Tuesday 8 January 2008
It’s early morning on the Nile. The girls are still asleep. I’m alone on deck. Going down river (north) is windier. The pages of my note pad is blowing fiercly, at times lightly whipping my face. In my imagination, I’m boating the Nile in 1879.
Our Nile ship, the M/S Helio, is a medium-sized vessel. According to my book Up the Nile – a photographic excursion 1839 – 1898, Lloyd’s guidebook advised that
life on a Nile bark has a charm which seldom fails to operate even on the most inert mind.
It has that! Despite air condition and mobile phones, it feels like we have been transported to another era.
In the 1800s, there were three basic modes of transport on the Nile: the sailing boat known as a dahabiya, the smaller sail boat cange and the steamer. If time was of the essence, the steamer was the answer. Travellers with time and money (such luxurious creatures they must have been) sailed by dahabiya.
Dahabiya and steamer
Looking up, I spot a dahabiya. I expect this one has more mod-cons than the one pictured in my book. The old photo of the inside of a dahabiyah in 1879 looks irresistibly romantic, though. To hire one, Lloyd’s recommended securing the services of a respectable dragoman,
charging him with the responsibility of providing everything needed, such as a cook, a man servant, and an assistant to wash and clean the travelers’ apartments.
Boating the Nile today
Back in the present – 129 years later – Agatha has joined me on deck. I’ve never spoken with her. Gnarled with arthritis, she has white hair, white clothes, white shoes, white handbag. Only in my mind do I call her Agatha. Seems appropriate. The Nile continues to be fertile grounds for the imagination. Impudently, I stare as she gazes at the meandering river and the occasional rusty boat floating past. What’s her story, I wonder? I know she’s German and she looks 85 – 90. I picture her as a young girl during the war, with high wavy hair, in a dress. Her features indicate she must have been a pretty young lass.
Ida is next on deck. She’s a sprightly 80-something Dane who has visited Egypt more than 40 times. Normally, she travels with a friend. But this friend has decided to limit her travels to once a year and that simply will not do! Recently, Ida hired a car and drove through all of Egypt by herself. She is fiercely independent and really cool. My kids adore her!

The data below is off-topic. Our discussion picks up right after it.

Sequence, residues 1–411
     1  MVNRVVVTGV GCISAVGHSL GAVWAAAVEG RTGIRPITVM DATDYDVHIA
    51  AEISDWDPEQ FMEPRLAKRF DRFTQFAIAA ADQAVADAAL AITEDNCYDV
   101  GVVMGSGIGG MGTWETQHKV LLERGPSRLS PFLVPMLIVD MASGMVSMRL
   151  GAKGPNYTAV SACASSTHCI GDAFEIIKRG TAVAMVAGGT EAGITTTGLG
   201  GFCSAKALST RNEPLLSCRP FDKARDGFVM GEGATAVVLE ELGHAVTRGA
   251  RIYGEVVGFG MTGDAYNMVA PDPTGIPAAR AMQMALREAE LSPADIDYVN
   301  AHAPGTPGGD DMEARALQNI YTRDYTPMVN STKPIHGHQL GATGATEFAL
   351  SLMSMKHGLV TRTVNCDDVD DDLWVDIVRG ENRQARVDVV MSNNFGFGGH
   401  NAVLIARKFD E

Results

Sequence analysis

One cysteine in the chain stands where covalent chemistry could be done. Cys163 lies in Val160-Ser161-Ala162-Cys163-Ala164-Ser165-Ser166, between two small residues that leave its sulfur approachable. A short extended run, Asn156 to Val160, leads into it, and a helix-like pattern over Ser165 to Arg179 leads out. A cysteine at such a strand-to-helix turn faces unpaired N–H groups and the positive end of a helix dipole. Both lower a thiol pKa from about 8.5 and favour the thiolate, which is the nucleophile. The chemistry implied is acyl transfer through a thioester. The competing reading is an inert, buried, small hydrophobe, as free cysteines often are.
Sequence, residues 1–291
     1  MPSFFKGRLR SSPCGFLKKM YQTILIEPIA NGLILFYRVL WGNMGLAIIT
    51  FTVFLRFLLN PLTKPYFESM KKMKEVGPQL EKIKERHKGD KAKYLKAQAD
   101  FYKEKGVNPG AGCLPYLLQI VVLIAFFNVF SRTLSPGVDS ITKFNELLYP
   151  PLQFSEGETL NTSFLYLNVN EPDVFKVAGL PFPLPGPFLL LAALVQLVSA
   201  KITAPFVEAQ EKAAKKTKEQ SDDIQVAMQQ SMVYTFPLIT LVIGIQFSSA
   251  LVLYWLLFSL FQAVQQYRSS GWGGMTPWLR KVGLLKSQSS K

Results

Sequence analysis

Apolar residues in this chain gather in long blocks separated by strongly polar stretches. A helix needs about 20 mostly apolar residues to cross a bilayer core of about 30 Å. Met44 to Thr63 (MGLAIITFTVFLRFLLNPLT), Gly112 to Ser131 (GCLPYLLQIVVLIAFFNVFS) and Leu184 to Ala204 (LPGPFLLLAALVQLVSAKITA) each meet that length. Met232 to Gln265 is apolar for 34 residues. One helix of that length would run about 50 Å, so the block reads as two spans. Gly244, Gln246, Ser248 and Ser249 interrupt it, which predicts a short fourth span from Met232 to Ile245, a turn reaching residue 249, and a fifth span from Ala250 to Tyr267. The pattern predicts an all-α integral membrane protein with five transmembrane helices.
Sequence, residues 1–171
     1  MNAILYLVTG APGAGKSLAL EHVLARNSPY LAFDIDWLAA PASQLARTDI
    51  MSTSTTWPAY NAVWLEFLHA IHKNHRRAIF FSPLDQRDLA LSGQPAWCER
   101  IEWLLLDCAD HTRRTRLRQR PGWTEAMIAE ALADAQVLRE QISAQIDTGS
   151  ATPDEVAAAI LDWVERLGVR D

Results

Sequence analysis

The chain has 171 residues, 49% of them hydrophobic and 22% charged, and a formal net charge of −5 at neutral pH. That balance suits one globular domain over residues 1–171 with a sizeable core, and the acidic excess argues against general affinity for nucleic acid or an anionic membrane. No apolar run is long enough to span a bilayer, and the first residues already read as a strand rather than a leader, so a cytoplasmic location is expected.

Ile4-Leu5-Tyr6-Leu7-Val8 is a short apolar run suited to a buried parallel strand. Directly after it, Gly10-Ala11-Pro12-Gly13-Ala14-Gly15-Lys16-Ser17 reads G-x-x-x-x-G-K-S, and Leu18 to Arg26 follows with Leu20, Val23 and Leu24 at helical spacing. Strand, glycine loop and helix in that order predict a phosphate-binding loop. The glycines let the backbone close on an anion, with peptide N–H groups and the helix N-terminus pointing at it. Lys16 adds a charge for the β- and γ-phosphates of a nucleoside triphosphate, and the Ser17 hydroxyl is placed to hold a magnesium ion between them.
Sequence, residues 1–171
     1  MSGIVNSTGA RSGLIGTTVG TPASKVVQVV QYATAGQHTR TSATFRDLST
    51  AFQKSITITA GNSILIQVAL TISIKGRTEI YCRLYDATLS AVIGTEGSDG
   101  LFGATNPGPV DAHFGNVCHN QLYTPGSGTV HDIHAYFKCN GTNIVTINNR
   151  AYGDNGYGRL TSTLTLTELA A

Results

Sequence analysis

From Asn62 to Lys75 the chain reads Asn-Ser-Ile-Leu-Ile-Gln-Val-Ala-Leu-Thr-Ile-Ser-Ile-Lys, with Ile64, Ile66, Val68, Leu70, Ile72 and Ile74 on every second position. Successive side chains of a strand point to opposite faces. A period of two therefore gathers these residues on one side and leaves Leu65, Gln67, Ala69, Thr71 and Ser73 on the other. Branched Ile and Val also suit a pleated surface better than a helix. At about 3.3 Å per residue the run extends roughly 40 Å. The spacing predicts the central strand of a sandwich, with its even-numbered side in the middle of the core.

More and more people mill out on deck. We’re a multifarious lot. A sweet Swedish couple has brought their son and granddaughter along. She’s 13, but looks 18: blonde, heavily made-up eye lids, yet so shy, she can barely whisper her name in introduction. Apart from my daughters, she is the only other kid onboard. Daddy is about 35, big, bald, tattooed and wears a jacket saying “See you in hell”.
Two middle-aged Danish couples are rowdy and annoying. “To beer or not to beer”, they repeat to the joy of no one but themselves. Then there’s Yvonne, also travelling on her own. Her birthday was yesterday and she had to endure drums and off-key singing from the crew at dinner.
Bread and circus. Food and entertainment. And a whirling dervish. Natch.
And yes. Towel animals. Really.
The only child onboard
One evening, there’s a galabiyah-party on board. For me, a black galabiyah-ish top suffices as fancy dress. The girls are dressed up in silken skirts with all sorts of jingly bits. Alex even sports a black close skull cap with even more jingle-jangle.
Cat is the youngest on board – the only child – and everyone’s pet. For most of the journey, she is the only child on board. The crew adore waiting on her: she is always served first and they play and joke with her all the time. And she adores the attention.
At the evening’s tombola raffle, the crew makes sure she wins a prize – a stuffed little camel singing an annoying tune.
After the raffle and group photography, it’s time for rowdier games. Good thing Cat’s tired. Those things can be a bit of an embarrassment and it’s nice to have an excuse to back out. Who said travelling with children was inconvenient?
No Hercule Poirot, but…
Can’t see anyone who’d likely commit a murder on board. No Mia Farrow or Simon MacCorkindale lookalikes. No one seems destined to end up in the pool, face down. Nor is there an Hercule Poirot, ready to solve a murder mystery. However…
Meanwhile, the Nile flows past, through the ancient landscape. As she has done for thousands of years.